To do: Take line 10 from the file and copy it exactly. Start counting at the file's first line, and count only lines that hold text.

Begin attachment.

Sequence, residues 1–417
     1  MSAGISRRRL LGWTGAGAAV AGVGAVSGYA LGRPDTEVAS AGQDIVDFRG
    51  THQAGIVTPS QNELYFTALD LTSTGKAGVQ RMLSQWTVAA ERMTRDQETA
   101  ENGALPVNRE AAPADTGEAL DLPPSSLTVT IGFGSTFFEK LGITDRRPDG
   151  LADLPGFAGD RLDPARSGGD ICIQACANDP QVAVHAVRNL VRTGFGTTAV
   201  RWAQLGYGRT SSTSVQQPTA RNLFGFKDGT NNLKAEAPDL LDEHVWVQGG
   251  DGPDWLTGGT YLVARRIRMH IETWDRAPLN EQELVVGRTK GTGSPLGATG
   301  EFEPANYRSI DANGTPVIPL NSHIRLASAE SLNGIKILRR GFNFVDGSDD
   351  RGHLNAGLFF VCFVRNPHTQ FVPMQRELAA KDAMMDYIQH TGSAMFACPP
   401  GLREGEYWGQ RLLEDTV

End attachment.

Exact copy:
   401  GLREGEYWGQ RLLEDTV